Re: AMD is moving forward
Intel will likely get a performance boost going from 10nm to 7nm as they'll be ditching silicon for something along the lines of indium gallium arsenide.
173 posts • joined 21 May 2007
Intel will likely get a performance boost going from 10nm to 7nm as they'll be ditching silicon for something along the lines of indium gallium arsenide.
That's not how the epoch time works. The time zone conversion on a typical Unix system is applied at input and output time. The time internally is all UTC.
time_t is used for more than the current time. Often software uses the same type to look forward... or would you like a credit card that expires in the past when it's first issued?
Quantum computing is only faster for certain classes of algorithms, but for those it is much, much faster.
Umm... "freeware"? That's a term with an accepted definition. That definition does not include the concepts of free software or open source. "Freeware" is closed-source software offered for gratis use.
Hmm. Netlist's full market capitalization appears to be about $42 million. Sandisk could offer a 100% premium and have a controlling interest for probably less money than a two month shutdown on these units would cost them.
I'm not saying SanDisk will or should buy Netlist. It's probably prudent for them to make a direct licensing agreement, though, and continue to source wherever they want. They could give Netlist a big bump in the bottom line for what to them is not a lot.
I get around 14 MiB (that's mebibytes, not bits) per second downloading from Steam on Comcast "105". Yet they like to drop the connection and make me wait for it to renegotiate after the first 20 to 30 minutes of any Netflix stream. Screw more speed. I want reliability when I use it the way I want.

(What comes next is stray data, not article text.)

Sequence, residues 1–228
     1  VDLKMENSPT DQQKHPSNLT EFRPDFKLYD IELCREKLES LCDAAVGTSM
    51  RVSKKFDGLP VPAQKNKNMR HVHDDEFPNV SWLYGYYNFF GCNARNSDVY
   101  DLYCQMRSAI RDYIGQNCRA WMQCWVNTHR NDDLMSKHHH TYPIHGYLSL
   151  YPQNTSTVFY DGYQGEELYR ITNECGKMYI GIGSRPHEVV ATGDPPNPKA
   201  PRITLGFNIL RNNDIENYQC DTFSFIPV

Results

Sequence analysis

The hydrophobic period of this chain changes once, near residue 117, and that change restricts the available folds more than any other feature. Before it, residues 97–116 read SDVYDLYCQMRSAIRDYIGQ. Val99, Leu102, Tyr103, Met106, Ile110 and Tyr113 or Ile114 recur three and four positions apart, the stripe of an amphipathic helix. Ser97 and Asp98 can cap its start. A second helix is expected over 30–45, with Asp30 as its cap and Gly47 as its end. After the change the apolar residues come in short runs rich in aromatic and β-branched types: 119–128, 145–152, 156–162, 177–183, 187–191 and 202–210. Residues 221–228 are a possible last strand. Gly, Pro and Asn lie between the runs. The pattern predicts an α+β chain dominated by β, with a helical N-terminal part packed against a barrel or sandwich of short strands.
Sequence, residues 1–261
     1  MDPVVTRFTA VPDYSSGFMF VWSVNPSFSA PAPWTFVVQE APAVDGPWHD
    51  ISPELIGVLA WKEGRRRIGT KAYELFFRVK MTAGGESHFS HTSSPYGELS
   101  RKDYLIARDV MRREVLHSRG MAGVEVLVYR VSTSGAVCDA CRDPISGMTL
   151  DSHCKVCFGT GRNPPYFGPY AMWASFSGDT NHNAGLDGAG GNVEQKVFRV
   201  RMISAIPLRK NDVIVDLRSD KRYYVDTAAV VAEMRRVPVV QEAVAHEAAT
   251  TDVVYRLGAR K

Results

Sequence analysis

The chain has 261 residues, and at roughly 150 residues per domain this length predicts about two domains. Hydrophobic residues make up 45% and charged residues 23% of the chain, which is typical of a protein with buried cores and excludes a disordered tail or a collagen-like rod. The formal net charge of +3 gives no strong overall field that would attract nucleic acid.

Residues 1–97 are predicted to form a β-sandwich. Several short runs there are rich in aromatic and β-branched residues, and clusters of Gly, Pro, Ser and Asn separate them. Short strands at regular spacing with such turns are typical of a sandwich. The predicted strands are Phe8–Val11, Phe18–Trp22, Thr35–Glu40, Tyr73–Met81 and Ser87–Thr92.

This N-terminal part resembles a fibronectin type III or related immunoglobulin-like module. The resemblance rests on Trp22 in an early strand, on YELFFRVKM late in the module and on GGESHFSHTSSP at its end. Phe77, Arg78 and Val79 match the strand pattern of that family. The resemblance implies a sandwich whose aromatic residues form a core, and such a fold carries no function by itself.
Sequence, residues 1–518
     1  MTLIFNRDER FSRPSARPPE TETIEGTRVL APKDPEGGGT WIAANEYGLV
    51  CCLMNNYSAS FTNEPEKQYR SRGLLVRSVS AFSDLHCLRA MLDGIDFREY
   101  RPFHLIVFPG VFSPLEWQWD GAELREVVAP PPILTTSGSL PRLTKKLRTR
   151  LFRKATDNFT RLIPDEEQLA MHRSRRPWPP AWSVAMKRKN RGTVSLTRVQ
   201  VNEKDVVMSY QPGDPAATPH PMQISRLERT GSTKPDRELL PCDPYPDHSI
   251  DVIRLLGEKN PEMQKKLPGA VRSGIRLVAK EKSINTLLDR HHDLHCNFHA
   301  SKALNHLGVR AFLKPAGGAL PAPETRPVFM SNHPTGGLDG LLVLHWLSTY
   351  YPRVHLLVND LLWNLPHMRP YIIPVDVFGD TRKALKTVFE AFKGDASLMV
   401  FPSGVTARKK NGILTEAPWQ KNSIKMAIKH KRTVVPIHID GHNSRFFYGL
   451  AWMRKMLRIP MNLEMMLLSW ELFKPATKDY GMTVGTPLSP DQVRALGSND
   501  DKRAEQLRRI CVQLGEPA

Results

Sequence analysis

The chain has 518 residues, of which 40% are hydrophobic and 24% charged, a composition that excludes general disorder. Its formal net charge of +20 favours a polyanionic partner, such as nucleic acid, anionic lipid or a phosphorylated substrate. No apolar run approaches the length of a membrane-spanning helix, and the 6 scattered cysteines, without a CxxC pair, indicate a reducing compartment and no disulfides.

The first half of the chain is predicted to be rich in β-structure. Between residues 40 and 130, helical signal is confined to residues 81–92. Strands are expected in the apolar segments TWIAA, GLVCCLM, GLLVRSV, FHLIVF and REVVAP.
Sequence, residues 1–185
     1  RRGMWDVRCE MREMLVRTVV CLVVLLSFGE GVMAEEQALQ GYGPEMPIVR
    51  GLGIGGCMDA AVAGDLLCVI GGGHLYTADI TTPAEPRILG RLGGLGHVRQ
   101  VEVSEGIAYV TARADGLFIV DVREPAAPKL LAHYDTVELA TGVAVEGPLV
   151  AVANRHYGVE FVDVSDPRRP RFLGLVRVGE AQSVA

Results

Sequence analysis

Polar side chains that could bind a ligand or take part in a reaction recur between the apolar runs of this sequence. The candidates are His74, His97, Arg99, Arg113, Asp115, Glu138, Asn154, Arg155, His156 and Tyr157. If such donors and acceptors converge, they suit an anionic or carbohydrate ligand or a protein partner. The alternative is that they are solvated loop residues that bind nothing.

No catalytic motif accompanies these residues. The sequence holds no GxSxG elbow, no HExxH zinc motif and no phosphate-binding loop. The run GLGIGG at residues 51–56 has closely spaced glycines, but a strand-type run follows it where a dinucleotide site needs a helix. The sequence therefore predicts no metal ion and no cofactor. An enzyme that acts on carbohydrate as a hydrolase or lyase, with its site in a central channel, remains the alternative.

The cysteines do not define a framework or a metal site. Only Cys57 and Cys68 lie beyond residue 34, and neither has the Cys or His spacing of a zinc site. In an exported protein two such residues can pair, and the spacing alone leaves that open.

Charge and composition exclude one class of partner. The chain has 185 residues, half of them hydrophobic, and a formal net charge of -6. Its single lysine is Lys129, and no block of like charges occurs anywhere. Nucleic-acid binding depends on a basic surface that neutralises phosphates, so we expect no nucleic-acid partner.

Full-disk encryption with the passwords kept away from the hardware would slow someone down considerably in the task of accessing the installed system, but how common is that on a server?
Maybe they should cast Ray Wise or Viggo Mortensen. After all, they've both played the devil before (in "Reaper" on TV and in "The Prophecy", respectively). I vote for Ray Wise, because his devil was comical.
If they've informed you that the call may be recorded, as most call centers do, then they've already consented to being recorded.
Maybe having no contact with the kernel team or other open source teams explains why systemd goes against so many time-earned tenets of the movement.
I often find there are things two men who consider one another friends or pals will say to one another that would be vastly inappropriate to say to anyone else. So the standard of "would you say it to another man?" may be the wrong standard to recommend.
St. Louis County police are not Ferguson city police. These are two different agencies. If their problem is with the city why are they messing with the outside agency helping the investigation?
Mr. Putin counts 16:
England, France, Italy, Albania, Macedonia, Russia, Russia, Russia, Russia, Russia, Russia, Mongolia, China, North Korea, Japan, USA, Canada, Greenland, Holland, Denmark, and Sweden.
Dre has the right to be forgotten in the EU, whatever that means. I doubt he'd want to be, though.
They aren't necessarily encouraging grandma to take up coding. They're encouraging high school and early college females to go into lifelong careers in the future. You know, those adolescent females who, being adolescent, are particularly not entirely adult and might sometimes be referred to by the word suggesting youth.
I should think your naivete and that of the article's author would need to be pardoned. The ITC is an executive function with limited scope. This patent falls outside their scope for the reasons stated. The patent courts, a judiciary function, are not limited by the same scope.
For one thing, Google gets employees who can work during their commute without getting shouted down by San Francisco renters for putting them all on a shuttle bus. For another, they'll probably license the technology to any and all car manufacturers on a per-unit basis.
Third, and most important to this article, if you're not driving then it is safe to use the phone. You can talk on it, read from it, edit things on it, and otherwise use Google's software on it.
Fourth, you can spend more time that you're not using the phone or laptop to read targeted Google ads on video billboards.
Yes, because holding a phone or other camera steady long enough to get a clear picture of one moving car from another moving while driving is much safer than holding the phone to one's ear.
Garbage chute to trading vessel, trading vessel to Tattooine, most of the junk to Watto's junk shop. The hand and light saber conveniently drop off the cart into the sand, or Watto finally dies or moves locations (how long do his type live?) and that gets left behind.